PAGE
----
On a stunning lava rock field site in Kona, this stunning home seems to hover over the landscape as a series of pavilions Originally Appeared on Architectural Digest
In 1989, five Black and Hispanic teens were falsely accused of raping and nearly killing Trisha Meili, a white woman jogging in Central Park. Known collectively as the Central Park Five, Antron McCray, Kevin Richardson, Yusef Salaam, Raymond Santana and Korey Wise were convicted in two trials despite a lack of eyewitness testimony or DNA evidence and spent between six and 13 years in prison. Exonerated in 2002 after an investigation confirmed that a convicted murderer and rapist had committed the crime, the Central Park Five sued the city and state of New York, settling for millions.
The Navy can buy smaller, cheaper carriers rather than the $13 billion Ford-class behemoths it is currently constructing, according to a new study by RAND Corporation. The RAND study is a public version of a classified study conducted in 2016 at the behest of the U.S. Navy, which was ordered by Congress to examine cheaper options than the Ford-class carriers. It would be powered by forty-year nuclear reactors that couldn't be replaced, rather than the current twenty-five-year reactors on the Fords that can replaced to extend the life of the ship.
Fox News has apologised for “mistakenly” cropping Donald Trump out of a picture featuring Jeffrey Epstein and Ghislaine Maxwell that it displayed during an item about Ms Maxwell's arrest. The full picture, which has been widely distributed before, features Epstein with his left arm around Ms Maxwell and Melania Trump (then Knauss) to his right, with Donald Trump holding her by the waist. As cropped by the network, the picture still features Ms Trump, albeit in a pose that makes her hard to recognise, but all that's visible of the president are his fingertips, just above Ms Trump's left hip.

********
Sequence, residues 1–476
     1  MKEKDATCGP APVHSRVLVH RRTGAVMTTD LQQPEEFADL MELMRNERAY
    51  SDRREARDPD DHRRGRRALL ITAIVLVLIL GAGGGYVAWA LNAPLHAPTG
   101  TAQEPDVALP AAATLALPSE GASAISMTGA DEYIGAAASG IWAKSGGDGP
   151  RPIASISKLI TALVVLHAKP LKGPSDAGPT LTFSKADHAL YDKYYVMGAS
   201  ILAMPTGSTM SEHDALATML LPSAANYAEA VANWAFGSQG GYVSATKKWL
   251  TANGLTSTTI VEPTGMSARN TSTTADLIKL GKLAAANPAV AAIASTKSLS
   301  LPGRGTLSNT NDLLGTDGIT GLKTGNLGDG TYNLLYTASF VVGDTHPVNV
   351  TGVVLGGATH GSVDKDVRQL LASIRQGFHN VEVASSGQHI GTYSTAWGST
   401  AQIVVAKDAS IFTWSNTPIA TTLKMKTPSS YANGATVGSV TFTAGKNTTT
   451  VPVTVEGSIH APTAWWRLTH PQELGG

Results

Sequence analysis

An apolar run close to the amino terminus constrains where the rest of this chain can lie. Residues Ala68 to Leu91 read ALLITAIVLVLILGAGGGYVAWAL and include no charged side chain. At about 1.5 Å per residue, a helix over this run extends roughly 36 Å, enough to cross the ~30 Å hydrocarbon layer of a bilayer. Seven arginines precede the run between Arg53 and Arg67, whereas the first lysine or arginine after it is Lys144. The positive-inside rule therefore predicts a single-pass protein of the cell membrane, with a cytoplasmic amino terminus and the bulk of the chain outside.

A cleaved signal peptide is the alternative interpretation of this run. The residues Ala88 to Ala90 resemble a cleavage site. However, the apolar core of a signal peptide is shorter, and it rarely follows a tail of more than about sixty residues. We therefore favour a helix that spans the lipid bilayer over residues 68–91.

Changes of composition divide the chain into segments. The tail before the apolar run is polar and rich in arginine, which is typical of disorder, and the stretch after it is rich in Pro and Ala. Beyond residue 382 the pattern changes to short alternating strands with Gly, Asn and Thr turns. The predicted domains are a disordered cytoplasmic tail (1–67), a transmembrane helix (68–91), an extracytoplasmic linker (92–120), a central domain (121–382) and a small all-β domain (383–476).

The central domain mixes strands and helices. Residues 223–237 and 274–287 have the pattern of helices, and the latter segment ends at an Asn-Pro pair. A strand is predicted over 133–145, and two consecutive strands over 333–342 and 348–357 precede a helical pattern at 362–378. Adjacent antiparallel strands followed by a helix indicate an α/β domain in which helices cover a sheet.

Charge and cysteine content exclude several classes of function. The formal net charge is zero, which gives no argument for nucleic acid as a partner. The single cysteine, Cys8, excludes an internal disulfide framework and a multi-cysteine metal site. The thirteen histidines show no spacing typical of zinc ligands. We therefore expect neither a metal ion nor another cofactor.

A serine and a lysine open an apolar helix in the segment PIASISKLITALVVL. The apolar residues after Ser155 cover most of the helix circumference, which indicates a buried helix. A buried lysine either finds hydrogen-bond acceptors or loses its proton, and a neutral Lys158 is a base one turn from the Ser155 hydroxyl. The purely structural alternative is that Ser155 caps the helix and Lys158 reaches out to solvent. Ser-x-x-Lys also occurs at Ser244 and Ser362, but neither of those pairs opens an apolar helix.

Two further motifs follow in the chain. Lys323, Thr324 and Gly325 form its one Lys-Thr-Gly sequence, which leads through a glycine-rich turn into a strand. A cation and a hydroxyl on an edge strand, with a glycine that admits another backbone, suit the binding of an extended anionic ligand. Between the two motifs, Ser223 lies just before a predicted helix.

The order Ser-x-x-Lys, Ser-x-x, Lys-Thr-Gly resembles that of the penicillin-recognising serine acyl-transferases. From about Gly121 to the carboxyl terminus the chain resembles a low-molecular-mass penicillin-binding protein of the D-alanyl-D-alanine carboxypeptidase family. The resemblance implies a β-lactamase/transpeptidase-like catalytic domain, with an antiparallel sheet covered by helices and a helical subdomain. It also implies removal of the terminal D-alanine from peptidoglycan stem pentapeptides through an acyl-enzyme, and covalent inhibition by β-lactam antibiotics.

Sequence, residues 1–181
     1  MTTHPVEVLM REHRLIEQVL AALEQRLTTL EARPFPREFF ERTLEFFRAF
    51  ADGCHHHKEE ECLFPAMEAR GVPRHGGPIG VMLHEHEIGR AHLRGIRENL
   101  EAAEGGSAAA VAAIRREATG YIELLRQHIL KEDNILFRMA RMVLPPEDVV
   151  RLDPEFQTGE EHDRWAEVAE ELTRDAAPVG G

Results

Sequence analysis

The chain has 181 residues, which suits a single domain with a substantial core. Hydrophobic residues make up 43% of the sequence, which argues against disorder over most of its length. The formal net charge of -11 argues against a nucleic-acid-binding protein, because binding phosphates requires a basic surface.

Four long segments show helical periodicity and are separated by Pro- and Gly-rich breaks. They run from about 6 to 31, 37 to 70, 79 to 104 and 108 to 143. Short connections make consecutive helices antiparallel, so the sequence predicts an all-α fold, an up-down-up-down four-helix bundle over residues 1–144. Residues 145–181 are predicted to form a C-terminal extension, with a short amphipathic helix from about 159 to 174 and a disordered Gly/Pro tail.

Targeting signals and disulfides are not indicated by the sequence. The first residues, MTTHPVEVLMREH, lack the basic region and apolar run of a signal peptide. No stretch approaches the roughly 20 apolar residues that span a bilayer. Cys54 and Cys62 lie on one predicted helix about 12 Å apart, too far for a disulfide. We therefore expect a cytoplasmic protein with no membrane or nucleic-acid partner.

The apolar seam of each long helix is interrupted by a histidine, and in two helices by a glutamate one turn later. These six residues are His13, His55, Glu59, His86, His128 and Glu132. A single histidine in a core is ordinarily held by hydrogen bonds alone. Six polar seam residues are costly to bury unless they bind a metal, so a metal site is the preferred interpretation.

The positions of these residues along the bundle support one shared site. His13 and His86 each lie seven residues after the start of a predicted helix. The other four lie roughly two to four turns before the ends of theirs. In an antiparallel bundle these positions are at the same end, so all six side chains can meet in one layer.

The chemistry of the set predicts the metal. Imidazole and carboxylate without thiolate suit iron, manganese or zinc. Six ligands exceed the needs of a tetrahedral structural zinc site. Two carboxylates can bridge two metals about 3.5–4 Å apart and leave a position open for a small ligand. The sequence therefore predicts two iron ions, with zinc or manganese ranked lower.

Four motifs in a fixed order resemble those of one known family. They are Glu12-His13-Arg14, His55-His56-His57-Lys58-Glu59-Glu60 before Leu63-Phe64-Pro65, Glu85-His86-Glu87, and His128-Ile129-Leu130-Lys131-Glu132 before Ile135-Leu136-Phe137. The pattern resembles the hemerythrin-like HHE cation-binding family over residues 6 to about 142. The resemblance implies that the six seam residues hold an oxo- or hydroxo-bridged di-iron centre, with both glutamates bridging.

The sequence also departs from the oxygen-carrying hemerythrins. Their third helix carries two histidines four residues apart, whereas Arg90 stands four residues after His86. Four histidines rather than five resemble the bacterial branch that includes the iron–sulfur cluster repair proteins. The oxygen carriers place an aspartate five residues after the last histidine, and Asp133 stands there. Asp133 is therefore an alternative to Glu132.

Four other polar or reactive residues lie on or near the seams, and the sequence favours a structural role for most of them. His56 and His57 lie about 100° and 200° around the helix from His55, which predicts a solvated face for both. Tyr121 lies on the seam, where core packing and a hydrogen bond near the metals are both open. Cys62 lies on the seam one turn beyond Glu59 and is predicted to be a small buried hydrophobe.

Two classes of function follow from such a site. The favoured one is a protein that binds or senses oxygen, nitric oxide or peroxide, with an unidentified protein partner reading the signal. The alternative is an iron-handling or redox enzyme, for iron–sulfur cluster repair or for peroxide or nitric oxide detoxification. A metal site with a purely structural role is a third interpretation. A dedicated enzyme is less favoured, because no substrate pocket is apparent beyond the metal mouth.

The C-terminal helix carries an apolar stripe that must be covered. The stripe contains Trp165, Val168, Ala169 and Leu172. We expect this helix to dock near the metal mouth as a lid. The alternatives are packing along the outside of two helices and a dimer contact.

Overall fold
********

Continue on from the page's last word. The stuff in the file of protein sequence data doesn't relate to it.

The Texas Workforce Commission is asking more than 46,000 out-of-work Texans to return $32 million in unemployment benefits. Some people received more money than they were eligible for, and other payments were fraudulent, the Houston Chronicle reported. Now many people who spent the money in good faith are trying to figure out how to pay it back, according to the newspaper.
Mary Kay Letourneau—who gained tabloid infamy for raping her 12-year-old former student, having children with him, and later marrying him—has died of cancer, her attorneys said. “Expected but sad anyway,” her attorney David Gehrke, told TV station KOMO. Letourneau was a married mom of four working as a sixth-grade teacher in Washington state in 1997 when she was arrested for sexual contact with Fualaau.
Breathe easy with these powerhouse plants that purify the air Originally Appeared on Architectural Digest
White House press secretary Kayleigh McEnany was asked on Monday about the president's tweet saying NASCAR driver Bubba Wallace should have apologized for his handling of an incident in which a noose-like rope appeared in his garage.
Motorists in Michigan were met with a startling message Monday on an electronic billboard in Redford Township. The organizer behind the billboard lives in Livonia and said it is an effort to awaken the city to problems that continue to exist with profiling and other forms of racism. The mayor called the billboard counterproductive.
The Kremlin spokesman says that Moscow will respond to new UK sanctions against Russian citizens including a senior investigator and prison officials. Britain on Monday used a new legislation drafted in the memory of a killed Russian tax adviser to sanction 25 Russian nationals linked to prosecution and mistreatment of tax adviser Sergei Magnitsky as well as 20 Saudis involved in the murder of a journalist in the Saudi consulate in Istanbul. Dmitry Peskov, the Kremlin spokesman, told reporters on Tuesday that Moscow “can only lament such hostile steps.”